I met Mrs. Blair when she walked across the road where I was helping my father work on a fence. At the time, she was in her 60s and walked slowly on arthritic knees. She brought my father a glass of water in a crinkled glass that had imprints of oranges on it. I listened to them visit a while before she returned across the road through a very slight opening in the boxwoods that I had not seen. It had been a wider opening years before.
The following summer I asked Mrs. Blair if I could cut her grass for three dollars. I got the mower stuck within minutes on my first round of her yard, mired in a low, drainage spot on the edge of her place. Scared me because I thought I might lose my job before it hardly got started. I rocked the mower back and forth what seemed like an hour with her watching me. She asked me if my father knew I was cutting her grass and had his mower. I told her, “yes ma’am,” while sweating, pushing, and worrying about getting in trouble if I couldn’t get the mower unstuck and finish the job. I didn’t care about the three dollars at the moment.
I finally got the mower unstuck. I was grateful and proud to finish my first real job. I even thought to mow a path to the old, unused barn at the back of her place, just in case she might want to check on something back there. Plus, she could stumble since she had sort of a way of walking carefully because of her knees.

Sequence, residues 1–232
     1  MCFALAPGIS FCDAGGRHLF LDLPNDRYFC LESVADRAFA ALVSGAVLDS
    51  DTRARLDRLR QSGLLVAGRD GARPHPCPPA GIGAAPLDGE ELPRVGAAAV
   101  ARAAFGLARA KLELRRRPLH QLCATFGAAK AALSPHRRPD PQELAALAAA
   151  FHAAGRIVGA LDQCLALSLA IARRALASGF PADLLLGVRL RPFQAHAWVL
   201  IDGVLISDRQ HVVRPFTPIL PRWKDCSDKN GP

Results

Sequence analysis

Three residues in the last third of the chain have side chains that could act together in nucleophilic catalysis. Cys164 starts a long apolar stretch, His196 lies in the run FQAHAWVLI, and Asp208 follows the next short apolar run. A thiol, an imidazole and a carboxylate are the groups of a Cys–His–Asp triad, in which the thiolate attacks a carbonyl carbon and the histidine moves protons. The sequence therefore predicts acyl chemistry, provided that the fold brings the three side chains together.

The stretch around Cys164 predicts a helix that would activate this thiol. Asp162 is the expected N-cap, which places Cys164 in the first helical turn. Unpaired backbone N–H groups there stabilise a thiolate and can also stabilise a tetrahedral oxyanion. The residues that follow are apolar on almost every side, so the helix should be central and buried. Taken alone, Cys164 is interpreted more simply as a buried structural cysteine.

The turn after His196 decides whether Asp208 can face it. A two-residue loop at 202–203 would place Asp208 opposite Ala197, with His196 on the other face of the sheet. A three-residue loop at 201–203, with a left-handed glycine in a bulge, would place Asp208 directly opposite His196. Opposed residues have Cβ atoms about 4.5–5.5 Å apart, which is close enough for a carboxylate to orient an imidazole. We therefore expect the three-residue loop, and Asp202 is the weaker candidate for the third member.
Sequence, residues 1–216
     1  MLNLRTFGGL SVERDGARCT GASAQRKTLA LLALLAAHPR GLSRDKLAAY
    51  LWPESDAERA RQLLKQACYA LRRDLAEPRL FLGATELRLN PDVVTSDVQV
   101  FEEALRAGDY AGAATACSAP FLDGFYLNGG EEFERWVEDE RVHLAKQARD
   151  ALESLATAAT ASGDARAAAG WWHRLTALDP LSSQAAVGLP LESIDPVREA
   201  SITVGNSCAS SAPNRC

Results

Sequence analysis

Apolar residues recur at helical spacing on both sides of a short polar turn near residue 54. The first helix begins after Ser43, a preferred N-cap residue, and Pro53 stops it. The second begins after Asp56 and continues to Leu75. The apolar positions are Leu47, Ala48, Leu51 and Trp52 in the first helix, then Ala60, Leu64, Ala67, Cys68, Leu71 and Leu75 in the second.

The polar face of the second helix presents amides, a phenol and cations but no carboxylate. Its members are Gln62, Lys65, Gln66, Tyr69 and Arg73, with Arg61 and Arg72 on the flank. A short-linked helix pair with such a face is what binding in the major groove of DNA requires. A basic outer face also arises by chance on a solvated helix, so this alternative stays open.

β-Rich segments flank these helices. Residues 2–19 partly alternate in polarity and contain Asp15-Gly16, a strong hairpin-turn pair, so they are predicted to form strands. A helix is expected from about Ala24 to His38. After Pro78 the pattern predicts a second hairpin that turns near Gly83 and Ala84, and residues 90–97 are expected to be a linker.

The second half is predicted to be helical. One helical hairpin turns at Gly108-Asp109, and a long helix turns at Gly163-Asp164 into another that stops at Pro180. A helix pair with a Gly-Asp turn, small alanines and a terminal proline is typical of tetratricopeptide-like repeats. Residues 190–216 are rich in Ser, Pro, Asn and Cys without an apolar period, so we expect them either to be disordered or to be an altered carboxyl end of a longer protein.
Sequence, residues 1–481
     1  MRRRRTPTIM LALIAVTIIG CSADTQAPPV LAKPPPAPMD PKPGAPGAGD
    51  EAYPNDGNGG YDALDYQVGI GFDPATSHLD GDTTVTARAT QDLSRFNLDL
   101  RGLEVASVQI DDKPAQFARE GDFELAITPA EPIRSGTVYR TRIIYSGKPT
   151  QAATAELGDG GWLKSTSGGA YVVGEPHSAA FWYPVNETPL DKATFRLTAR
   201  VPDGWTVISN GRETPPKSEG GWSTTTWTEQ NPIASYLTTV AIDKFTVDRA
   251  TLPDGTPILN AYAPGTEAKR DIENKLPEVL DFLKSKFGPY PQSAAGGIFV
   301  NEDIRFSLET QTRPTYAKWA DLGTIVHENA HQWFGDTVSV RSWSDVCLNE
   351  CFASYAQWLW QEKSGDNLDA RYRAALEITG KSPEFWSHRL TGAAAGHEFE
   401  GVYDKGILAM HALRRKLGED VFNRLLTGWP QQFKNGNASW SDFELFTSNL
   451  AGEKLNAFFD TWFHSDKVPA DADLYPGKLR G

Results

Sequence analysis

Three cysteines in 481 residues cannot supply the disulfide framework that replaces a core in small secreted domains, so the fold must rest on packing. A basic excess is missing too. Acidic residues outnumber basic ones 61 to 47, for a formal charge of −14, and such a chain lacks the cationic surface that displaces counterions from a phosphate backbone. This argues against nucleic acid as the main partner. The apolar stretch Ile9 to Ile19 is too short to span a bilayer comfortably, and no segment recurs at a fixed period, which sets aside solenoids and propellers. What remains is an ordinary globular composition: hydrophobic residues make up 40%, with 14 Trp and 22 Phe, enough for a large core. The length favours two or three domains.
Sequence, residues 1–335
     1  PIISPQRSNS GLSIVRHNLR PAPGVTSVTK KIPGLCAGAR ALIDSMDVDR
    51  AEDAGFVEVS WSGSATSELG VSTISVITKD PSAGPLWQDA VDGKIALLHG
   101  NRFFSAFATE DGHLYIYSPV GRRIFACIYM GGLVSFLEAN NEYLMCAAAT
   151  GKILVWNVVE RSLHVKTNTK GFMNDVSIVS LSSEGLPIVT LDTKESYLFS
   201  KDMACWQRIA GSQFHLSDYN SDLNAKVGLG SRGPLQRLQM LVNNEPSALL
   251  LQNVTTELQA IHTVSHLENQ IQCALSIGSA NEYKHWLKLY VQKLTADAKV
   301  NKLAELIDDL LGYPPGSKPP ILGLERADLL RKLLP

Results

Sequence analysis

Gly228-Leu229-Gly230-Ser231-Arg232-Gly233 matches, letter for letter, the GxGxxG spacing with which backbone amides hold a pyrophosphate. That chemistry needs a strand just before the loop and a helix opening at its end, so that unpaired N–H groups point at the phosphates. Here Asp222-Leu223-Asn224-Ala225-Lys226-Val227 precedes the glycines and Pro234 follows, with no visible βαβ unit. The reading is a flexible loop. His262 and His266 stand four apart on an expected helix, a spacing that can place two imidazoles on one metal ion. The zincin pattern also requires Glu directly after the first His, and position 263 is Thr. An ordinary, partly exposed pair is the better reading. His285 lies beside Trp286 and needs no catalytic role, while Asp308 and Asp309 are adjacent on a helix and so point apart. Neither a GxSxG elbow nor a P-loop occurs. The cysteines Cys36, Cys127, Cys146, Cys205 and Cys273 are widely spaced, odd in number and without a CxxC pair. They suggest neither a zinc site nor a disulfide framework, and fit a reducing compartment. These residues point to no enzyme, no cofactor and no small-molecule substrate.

In the fall, grass cutting became leaf raking and bush trimming. I got the rusty old pump going just by using it. When it snowed, I carried coal to her furnace from her tool shed, and we would sit and visit in the “main” room by her furnace. She would make apple pies with sugary gold crust for me in the fall and lemonade with real lemons in the summer. She used the pitcher that went with the glass that had orange imprints on it. Even into high school after basketball practice, I would sometimes visit her and sit on her back porch on aluminum fan-chairs. She would worry some over how bad things seemed to be getting. I would say, “yes ma’am,” but really think that she got most of her information from the newspaper. She didn’t get out too far from home anymore.